Scientists who have won a Nobel prize live nearly two years longer than
those who were merely nominated, suggesting that social status confers
"health-giving magic," British researchers said.
The researchers said there was evidence to link health and status in
monkeys but it had been difficult until now to do the same for humans
because status often brought more wealth, which improves living standards
and medical care.
"Status seems to work a kind of health-giving magic," said Andrew
Oswald, an economist at Warwick University who conducted the study with
Matthew Rablen, a former Warwick postgraduate researcher who is now a
"Once we do the statistical corrections, walking across that platform
in Stockholm apparently adds about two years to a scientist's life-span.
How status does this, we just don't know," he said in a university press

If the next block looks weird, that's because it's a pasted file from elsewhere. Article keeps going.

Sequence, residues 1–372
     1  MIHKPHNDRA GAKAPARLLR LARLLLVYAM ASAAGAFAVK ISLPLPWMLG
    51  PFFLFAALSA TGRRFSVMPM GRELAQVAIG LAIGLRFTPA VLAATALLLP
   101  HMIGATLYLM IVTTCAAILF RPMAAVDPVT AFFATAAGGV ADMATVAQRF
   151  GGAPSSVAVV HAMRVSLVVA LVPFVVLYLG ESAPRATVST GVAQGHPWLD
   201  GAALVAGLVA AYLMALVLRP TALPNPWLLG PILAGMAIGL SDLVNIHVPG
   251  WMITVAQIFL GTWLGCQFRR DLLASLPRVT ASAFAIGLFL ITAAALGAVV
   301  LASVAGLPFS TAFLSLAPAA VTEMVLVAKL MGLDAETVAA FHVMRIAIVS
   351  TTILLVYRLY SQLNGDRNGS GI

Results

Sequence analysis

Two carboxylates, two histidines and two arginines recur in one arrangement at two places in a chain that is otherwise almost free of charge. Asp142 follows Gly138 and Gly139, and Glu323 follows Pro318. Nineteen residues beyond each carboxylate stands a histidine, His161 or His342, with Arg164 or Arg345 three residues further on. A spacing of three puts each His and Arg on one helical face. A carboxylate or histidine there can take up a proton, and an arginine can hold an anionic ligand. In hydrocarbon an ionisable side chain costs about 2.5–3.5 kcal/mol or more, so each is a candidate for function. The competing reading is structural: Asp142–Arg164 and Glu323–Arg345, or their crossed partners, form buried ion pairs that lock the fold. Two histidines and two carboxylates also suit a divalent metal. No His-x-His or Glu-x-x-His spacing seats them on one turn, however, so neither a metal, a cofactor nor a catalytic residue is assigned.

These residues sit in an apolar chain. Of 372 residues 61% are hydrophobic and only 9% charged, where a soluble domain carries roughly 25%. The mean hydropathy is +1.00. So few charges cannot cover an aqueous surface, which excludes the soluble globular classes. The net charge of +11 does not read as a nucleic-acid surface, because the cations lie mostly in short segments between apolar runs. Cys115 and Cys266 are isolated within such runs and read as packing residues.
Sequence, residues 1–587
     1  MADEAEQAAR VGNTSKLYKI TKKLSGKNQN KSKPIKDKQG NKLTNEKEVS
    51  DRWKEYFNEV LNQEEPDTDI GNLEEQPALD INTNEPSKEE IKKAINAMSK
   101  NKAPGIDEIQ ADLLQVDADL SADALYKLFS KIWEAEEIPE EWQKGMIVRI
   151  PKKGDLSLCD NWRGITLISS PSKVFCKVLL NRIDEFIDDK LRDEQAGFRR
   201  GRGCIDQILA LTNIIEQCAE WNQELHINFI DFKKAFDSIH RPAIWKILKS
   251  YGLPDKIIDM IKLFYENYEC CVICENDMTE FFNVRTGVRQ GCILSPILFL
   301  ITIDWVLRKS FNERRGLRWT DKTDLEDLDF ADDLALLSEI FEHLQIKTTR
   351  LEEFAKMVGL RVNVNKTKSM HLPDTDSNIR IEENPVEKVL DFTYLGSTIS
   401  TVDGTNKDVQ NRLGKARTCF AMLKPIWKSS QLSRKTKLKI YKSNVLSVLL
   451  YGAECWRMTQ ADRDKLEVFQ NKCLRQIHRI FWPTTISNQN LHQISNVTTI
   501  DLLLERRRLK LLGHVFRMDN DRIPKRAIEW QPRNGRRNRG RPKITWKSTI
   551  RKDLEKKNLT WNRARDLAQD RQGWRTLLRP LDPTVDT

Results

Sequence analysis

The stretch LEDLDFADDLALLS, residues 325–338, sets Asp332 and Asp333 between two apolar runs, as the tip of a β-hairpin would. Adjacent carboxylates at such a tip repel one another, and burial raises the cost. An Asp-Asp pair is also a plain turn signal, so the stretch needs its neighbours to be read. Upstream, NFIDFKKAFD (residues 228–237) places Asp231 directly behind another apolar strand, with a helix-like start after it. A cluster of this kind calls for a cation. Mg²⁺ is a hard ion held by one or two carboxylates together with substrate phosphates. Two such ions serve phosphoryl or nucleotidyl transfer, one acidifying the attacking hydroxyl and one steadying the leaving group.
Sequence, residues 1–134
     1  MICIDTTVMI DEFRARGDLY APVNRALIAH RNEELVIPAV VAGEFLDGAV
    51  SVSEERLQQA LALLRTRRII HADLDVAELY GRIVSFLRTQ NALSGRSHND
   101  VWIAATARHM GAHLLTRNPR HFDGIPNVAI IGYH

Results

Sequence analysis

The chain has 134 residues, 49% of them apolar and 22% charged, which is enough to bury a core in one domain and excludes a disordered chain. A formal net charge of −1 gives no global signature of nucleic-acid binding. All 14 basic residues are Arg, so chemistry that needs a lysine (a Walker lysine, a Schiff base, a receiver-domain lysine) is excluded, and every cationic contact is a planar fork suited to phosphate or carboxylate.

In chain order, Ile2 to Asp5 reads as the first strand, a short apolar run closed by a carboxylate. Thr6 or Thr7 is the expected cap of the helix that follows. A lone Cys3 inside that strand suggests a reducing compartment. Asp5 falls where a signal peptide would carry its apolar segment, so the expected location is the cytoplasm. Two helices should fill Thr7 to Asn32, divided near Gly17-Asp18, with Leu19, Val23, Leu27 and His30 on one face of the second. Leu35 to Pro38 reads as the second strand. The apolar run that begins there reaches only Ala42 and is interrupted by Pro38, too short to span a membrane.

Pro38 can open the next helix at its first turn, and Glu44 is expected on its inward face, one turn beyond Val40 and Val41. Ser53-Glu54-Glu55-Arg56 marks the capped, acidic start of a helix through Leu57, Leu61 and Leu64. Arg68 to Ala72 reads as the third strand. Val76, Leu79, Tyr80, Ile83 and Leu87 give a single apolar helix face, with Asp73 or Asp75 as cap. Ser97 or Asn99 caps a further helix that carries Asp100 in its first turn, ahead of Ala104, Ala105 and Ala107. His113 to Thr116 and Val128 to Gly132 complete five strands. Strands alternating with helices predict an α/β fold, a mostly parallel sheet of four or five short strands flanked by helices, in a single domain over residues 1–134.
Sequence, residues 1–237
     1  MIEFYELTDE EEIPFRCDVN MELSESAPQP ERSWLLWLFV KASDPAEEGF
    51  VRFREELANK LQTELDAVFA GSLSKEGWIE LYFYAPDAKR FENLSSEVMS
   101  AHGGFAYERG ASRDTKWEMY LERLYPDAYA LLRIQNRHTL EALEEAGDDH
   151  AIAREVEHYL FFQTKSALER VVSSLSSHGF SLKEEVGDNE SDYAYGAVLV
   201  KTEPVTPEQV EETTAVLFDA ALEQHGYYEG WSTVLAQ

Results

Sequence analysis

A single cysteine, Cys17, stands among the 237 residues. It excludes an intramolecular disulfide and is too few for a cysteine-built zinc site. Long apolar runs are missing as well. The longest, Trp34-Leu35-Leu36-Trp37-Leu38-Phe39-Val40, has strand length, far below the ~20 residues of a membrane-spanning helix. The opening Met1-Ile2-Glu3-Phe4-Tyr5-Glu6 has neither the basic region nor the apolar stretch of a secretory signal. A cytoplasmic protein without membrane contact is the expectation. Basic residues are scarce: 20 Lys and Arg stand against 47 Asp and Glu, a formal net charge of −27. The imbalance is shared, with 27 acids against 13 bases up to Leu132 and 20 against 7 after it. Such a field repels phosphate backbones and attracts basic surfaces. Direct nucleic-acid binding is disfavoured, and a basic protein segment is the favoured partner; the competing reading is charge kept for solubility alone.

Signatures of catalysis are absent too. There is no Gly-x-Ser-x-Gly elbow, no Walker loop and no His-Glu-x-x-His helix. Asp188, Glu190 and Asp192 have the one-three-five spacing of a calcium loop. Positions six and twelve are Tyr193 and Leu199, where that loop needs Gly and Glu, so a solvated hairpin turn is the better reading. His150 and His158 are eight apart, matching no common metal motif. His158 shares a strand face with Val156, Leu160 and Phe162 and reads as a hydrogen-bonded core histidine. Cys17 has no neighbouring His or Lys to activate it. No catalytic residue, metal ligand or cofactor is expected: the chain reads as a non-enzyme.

The study entitled "Mortality and Immortality," published this month,
focused on Nobel prize winners "as an ideal group to study as the winners
could be seen as having their status suddenly dropped on them," it said.
The researchers studied 524 men -- 135 winners and 389 nominees, who
were in the competition for the physics and chemistry prizes between 1901
They looked at one sex only to avoid differences in life span between
sexes. The total had been 528, but they dropped four who died in war or
from other causes that were not natural.
The average life span for the nominee group was just over 76 years.
Prize winners lived 1.4 years longer on average -- or 77.2 years --
than those who were nominated for the award.